Feinberg medical students and disability advocates gathered at the second Disability Advocacy Coalition in Medicine Interprofessional Virtual Conference to address ableism in medicine and medical education.
The event was organized by the Disability Advocacy Coalition in Medicine (DAC Med), a student-led coalition founded to create a culture of disability inclusion in medicine at Feinberg.
The conference featured sessions on accessibility in medicine, disability rights, and how to advocate for and support patients with disabilities. Scientists also presented disability-related research from across the country.
“The medical model often taught is that if someone is sick, you treat them, then they’re healthy. Disability challenges that notion,” said Allison Jaffe, a second-year medical student and co-president of the Feinberg DAC Med chapter. “It’s so important for medical students and healthcare providers to talk to patients and learn that health isn’t just being sick or being well, it’s a continuum.”
The goal and theme of the conference, held October 15, was to empower patients and providers as disability advocates, said Samantha Schroth, a student in the Medical Scientist Training Program (MSTP).
“Often in medicine, we don’t talk about disability and what it really means. This includes not only people with disabilities working as physicians or other health professionals, but also actually caring for people with disabilities,” said Schroth, one of the organizers of the event. “Often times in terms of our training regarding disability, it’s word of mouth or secondhand knowledge that you just happen to pick up. In many cases it’s incorrect knowledge, and you’re passing on bias which isn’t ideal, especially for patients.”
Speakers at the conference included Prakash Jayabalan, MD, PhD, assistant professor of Physical Medicine and Rehabilitation, who spoke about how physicians can advocate for patients with disabilities.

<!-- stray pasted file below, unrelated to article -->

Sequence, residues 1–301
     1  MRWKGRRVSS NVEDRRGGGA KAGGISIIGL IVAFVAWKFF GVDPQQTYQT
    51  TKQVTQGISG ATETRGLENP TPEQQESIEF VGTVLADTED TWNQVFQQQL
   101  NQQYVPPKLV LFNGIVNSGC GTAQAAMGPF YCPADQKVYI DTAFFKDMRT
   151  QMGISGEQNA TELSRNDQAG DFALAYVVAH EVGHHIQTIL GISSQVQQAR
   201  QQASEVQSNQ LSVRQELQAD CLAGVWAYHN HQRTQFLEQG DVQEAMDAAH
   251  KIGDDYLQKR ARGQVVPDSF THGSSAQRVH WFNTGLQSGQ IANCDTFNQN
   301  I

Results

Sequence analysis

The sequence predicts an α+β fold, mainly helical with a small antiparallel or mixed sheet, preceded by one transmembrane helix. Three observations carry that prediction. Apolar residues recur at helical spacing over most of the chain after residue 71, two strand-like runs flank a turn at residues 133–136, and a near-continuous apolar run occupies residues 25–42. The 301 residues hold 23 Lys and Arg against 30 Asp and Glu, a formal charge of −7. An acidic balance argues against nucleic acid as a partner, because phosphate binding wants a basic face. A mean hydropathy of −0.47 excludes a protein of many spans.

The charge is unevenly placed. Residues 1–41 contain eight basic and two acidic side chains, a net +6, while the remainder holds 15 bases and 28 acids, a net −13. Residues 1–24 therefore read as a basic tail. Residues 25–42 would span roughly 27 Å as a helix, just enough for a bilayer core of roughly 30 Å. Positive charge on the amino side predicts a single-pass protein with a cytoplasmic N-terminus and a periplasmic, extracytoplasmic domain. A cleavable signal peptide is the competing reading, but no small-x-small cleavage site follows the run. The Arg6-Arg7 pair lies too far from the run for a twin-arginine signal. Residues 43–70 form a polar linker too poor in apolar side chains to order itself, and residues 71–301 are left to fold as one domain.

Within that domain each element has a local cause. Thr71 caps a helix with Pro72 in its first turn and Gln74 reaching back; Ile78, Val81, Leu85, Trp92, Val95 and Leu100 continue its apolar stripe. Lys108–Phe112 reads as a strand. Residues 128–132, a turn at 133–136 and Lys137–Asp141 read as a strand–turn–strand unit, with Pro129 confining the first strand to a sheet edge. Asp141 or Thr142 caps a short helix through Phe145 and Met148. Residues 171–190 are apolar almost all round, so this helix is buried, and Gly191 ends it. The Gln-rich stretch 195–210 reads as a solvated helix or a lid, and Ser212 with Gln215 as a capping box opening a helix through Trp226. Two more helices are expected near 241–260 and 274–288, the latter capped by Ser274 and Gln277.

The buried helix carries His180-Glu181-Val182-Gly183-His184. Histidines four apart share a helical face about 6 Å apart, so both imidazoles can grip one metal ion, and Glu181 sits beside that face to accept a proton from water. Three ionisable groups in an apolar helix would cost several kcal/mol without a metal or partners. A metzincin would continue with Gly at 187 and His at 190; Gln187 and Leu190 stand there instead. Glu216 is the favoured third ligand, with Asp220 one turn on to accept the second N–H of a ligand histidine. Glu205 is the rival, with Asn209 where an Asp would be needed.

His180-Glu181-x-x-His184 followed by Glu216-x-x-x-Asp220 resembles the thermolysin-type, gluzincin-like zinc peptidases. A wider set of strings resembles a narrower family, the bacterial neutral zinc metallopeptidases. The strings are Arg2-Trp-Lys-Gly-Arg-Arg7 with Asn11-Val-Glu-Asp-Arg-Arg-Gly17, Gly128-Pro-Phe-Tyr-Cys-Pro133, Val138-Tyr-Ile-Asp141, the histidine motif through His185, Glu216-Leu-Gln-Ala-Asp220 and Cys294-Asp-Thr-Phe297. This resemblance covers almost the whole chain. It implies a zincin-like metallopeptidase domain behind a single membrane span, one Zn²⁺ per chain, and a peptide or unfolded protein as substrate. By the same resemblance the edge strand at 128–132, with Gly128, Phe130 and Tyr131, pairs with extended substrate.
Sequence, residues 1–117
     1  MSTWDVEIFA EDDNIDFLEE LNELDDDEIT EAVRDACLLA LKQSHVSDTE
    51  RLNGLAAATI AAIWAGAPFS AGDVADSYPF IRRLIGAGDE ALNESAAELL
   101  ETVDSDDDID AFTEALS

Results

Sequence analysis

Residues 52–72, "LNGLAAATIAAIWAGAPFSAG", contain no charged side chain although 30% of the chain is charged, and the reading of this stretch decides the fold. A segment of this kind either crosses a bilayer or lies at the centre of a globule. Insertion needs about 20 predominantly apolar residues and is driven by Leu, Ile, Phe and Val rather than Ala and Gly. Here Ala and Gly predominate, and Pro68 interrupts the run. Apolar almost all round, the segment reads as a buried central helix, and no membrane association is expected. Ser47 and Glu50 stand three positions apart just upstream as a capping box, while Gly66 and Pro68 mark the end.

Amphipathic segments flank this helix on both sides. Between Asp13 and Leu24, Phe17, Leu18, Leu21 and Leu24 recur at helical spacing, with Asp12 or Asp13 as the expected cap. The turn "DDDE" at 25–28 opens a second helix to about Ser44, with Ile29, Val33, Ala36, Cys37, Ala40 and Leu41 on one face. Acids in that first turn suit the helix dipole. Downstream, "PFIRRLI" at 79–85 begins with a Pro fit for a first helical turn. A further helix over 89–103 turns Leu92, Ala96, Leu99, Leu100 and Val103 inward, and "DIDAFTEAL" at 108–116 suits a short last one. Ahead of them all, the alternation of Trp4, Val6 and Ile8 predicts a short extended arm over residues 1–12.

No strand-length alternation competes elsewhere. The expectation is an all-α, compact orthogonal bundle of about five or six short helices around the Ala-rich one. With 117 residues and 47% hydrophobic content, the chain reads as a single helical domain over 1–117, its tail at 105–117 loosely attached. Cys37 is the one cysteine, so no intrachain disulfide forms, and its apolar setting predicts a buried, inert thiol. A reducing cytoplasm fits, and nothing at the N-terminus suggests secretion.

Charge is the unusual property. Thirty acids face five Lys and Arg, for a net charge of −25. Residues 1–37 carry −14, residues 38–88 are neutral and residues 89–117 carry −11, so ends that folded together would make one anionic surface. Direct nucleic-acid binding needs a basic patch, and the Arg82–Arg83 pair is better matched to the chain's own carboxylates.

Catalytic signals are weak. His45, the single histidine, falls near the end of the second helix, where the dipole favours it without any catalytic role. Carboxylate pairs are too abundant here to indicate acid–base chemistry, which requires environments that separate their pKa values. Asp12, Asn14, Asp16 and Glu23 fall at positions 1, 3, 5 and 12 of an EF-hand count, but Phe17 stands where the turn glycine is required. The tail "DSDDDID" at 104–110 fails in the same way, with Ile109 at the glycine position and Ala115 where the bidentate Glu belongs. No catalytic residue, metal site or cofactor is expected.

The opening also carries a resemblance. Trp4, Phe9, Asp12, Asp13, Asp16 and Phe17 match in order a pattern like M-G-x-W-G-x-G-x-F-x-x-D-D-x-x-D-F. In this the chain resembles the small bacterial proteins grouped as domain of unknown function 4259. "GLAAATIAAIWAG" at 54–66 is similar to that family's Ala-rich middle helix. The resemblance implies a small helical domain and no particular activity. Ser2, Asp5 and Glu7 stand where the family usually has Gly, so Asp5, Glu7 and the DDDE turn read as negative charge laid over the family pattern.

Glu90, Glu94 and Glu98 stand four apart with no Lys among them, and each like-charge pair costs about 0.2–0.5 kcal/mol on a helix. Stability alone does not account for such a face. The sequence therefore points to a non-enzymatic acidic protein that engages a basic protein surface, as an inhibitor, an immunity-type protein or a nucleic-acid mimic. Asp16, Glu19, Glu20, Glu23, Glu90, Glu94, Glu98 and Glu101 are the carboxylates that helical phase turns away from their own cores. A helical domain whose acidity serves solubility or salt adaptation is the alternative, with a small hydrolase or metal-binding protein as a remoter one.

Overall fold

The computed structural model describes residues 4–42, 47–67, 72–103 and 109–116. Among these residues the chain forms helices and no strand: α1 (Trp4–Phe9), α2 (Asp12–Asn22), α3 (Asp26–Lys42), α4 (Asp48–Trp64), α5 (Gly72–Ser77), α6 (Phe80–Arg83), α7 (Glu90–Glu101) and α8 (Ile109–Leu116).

Carolyn Foster, MD, MSHS, assistant professor of Pediatrics in the Division of Advanced General Pediatrics and Primary Care, presented alongside Margaret Storey, who serves on the Parent Advisory Council at Ann & Robert H. Lurie Children’s Hospital of Chicago and is the parent of a daughter with Aicardi Syndrome, a rare condition that causes intractable seizures and disabilities. The two provided physician and caregiver perspectives on home healthcare for children living with disabilities.
“As someone who has had firsthand experience working with children with disabilities and plans to be a provider who works with them in the future, hearing from caregivers on how providers can involve the patients’ families and getting that perspective was invaluable,” said Jessica Metelski, a second-year medical student and co-president of the Feinberg DAC Med Chapter. “The conference was so energizing for me and a reminder of why I got into medicine in the first place.”
A panel discussion on how patients can advocate for themselves in a healthcare setting was held featuring Lisa Rosen, manager of the Henry B. Betts LIFE Center at the Shirley Ryan AbilityLab; Cris Mix, education program manager of the Henry B. Betts LIFE Center, and four peer mentors to rehabilitating patients at Shirley Ryan AbilityLab including Kelly Hogan, Kenneth Jennings, Natali Shao and L. Bradly Schwartz.
Chris Lewis, MD, academic chief resident at the Shirley Ryan AbilityLab, who also helped to organize the conference, said the blend of research, provider advice and patient perspectives made the event uniquely valuable.
“Rehabilitation is a very multi-disciplinary specialty, so we wanted attendees to hear from all members of the medical team to more comprehensively understand how we consider the individualized needs of patients with disabilities,” he said. “For students to learn this early in their career gives them a better sense of what it means to be a patient with a disability navigating the medical system.”